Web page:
The Spanish parliament passed a ruling yesterday to allow news publishers to charge aggregators and search engines like Google each time they display news content in search results.

The law, lobbied for by Spain’s AEDE group of news outlets, goes into effect on January 1, 2015, but it doesn’t yet specify how much aggregators and search engines could be charged. Google’s Spanish division responded saying it was disappointed with the decision, and will work to help news publishers in the country increase income.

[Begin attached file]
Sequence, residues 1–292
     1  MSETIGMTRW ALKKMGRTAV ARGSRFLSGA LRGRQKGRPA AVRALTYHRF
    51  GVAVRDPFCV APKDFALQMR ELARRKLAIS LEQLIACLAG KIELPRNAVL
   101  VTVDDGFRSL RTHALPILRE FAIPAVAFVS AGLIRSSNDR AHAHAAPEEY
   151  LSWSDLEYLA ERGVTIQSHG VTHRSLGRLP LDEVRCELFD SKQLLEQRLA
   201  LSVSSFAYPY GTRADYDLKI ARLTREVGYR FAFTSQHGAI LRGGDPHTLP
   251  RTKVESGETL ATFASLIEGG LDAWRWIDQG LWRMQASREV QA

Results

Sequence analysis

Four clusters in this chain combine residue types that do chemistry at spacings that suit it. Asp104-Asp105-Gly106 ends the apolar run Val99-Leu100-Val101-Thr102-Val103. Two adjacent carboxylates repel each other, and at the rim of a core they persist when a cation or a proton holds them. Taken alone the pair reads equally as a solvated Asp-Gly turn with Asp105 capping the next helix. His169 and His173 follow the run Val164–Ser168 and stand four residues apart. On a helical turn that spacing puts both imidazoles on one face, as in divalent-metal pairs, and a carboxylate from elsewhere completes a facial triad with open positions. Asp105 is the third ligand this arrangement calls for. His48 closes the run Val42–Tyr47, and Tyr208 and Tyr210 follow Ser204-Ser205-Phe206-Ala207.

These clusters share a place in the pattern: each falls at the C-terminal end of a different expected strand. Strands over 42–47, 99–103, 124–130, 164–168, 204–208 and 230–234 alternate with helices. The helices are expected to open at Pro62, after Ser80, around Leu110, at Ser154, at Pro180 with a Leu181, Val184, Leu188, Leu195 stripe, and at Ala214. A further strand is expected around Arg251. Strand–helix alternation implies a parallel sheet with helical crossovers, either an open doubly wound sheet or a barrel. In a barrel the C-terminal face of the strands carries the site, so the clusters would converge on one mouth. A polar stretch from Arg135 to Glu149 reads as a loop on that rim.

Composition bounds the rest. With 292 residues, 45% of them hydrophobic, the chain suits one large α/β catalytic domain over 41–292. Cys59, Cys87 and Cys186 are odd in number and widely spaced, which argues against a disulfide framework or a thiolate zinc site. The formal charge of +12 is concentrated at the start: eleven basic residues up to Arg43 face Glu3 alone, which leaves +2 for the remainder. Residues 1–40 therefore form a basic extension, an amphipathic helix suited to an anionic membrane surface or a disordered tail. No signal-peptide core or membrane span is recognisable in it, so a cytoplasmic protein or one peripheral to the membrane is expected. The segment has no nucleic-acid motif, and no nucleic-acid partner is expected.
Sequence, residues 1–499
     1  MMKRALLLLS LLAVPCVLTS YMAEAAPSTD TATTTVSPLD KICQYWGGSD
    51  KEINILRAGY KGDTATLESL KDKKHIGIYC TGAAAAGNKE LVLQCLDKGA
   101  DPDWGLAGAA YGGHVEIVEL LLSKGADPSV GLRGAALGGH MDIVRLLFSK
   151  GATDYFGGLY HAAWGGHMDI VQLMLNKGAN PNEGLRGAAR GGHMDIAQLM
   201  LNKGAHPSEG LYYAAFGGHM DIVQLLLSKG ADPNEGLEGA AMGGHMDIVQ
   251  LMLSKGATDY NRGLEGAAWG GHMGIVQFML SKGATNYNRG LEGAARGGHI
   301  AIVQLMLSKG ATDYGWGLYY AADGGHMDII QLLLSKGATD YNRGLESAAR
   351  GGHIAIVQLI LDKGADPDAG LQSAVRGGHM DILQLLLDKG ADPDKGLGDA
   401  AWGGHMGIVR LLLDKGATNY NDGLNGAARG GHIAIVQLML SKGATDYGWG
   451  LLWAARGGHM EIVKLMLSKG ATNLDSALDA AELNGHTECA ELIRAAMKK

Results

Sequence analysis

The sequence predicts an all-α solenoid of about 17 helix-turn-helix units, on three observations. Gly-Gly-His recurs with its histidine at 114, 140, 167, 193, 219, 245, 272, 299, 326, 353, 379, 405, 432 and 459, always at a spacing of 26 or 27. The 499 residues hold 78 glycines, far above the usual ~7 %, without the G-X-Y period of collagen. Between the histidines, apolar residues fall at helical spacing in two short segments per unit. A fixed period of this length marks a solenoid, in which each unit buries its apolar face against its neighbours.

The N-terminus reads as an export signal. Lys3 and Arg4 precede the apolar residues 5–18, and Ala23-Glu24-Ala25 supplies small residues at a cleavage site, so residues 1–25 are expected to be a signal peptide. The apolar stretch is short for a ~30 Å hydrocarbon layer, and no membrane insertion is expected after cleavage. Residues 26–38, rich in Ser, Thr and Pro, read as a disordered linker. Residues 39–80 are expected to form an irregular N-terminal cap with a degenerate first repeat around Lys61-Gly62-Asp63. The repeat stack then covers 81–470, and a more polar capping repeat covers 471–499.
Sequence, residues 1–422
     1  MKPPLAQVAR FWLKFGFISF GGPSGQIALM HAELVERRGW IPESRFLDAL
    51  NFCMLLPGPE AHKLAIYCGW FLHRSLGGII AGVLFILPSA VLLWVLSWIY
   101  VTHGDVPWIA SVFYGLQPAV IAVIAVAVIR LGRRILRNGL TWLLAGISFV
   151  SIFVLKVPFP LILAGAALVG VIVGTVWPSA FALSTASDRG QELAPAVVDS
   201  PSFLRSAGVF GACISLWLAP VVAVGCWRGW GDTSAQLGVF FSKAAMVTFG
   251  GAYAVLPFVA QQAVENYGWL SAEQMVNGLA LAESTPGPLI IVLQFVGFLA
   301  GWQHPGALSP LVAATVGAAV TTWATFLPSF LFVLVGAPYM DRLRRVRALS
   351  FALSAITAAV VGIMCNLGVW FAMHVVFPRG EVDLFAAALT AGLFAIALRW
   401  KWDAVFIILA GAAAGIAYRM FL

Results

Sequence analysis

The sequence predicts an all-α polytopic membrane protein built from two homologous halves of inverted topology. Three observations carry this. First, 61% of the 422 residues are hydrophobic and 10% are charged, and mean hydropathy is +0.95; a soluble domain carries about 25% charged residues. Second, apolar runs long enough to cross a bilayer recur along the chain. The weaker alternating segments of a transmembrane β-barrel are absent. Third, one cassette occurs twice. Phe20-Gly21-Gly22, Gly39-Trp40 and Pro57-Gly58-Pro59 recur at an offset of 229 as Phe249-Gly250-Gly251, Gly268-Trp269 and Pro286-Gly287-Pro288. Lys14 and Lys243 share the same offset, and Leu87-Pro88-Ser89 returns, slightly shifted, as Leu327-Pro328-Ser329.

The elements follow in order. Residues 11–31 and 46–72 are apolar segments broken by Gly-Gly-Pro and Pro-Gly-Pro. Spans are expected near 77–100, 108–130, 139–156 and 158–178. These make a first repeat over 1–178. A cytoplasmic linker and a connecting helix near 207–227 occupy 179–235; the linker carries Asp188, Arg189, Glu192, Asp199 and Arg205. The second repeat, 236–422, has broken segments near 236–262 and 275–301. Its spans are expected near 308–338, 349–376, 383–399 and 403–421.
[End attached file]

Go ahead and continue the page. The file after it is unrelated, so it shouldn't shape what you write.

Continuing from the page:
This is similar to a row in Germany earlier this October, between Google and a group of German publications who claimed that Google’s inclusion of news content in search results was tantamount to republishing content and caused them loss of revenues. Google Germany responded by removing summaries and image thumbnails from these results, displaying only headline links instead.

It’s yet to be seen what action aggregators take in Spain to deal with the new ruling, but with just two months to go before the law comes into effect, we can expect to hear of developments very soon.

Spain OKs ‘Google Tax’ Demanded by News Publishers [The New York Times]